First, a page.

CEO of Starbucks Howard Schultz inaugurates the coffee chain's first Colombian store at 93 park in Bogota
By Lisa Baertlein
(Reuters) - Starbucks Corp opened its first shop in Colombia on Wednesday, 43 years after the world's biggest coffee chain first started buying beans from the country famous for its premium arabica coffee named after fictional coffee farmer Juan Valdez.
The first of 50 Starbucks stores planned for the coming five years will be in Bogota's Parque de la 93, one of the city's most exclusive neighborhoods. This store and all other Starbucks locations in Colombia will be the Seattle-based company's first to serve only locally sourced coffee.
Starbucks is the world's largest buyer of Colombia high-grade arabica coffee in the world, Starbucks Chief Executive Officer Howard Schultz told Reuters in a telephone interview.
Its new stores will compete with the roughly 200-unit Juan Valdez coffee-shop chain owned by the National Federation of Coffee Growers of Colombia. In addition, Nestle SA's Nespresso plans to begin selling home brewers this fall and open a boutique coffee shop in Colombia sometime this year.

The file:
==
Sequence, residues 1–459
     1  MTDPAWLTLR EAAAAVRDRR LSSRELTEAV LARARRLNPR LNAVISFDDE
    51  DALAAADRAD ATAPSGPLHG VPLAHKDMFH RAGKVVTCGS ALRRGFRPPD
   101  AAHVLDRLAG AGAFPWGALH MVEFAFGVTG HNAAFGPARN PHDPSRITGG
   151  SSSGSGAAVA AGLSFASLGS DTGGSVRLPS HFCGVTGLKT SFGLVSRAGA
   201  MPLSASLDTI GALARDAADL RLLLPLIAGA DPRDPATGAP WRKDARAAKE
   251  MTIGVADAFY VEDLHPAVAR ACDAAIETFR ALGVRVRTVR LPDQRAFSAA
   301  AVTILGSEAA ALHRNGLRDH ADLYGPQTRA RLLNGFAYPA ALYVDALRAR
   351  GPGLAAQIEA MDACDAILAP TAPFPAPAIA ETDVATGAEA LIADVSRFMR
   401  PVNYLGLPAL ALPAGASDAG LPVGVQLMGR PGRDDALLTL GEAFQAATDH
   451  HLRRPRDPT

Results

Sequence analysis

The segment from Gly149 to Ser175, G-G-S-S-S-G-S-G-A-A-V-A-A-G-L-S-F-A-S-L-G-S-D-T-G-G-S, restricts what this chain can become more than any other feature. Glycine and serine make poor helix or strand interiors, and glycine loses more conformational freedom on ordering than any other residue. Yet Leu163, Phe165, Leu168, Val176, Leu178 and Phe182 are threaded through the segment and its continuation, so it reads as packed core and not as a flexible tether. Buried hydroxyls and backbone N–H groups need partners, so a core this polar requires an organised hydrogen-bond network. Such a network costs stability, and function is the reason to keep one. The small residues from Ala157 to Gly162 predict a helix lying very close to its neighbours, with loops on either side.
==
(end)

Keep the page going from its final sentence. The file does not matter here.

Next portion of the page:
"We think we can exist in a very complementary way," said Schultz, noting that his company's arrival often expands a market and improves business for competitors.
The Colombia business is run by a joint venture between Starbucks and two of its long-time business partners in Latin America, Alsea SAB de CV of Mexico and Grupo Nutresa SA of Colombia.
Colombia is the world's biggest producer of high-quality arabica coffee. The last few years, though, have been rocky.
Heavy rains and a replanting program that took many trees out of production drastically cut Colombia's coffee crop in 2008. That was followed by four more crop years that were well below average, in part because of an outbreak of a leaf rust disease. As a result, many U.S. dealers were forced to look elsewhere for their high-quality arabica beans, causing Colombia to lose some of its loyal customers.
Two years ago, Starbucks opened a Farmer Support Center in Manizales, Colombia. Last summer, the company announced a public-private partnership with the U.S. Agency for International Development that is investing $3 million to increase Colombian coffee yields.
More than half of the 400 million pounds of coffee purchased by Starbucks last year came from Latin America, where the chain has more than 700 stores.
Starbucks' other major coffee suppliers include Brazil, Indonesia and Africa.
(Reporting by Lisa Baertlein in Los Angeles; Additional reporting by Marcy Nicholson in New York; Editing by Dan Grebler and Jan Paschal)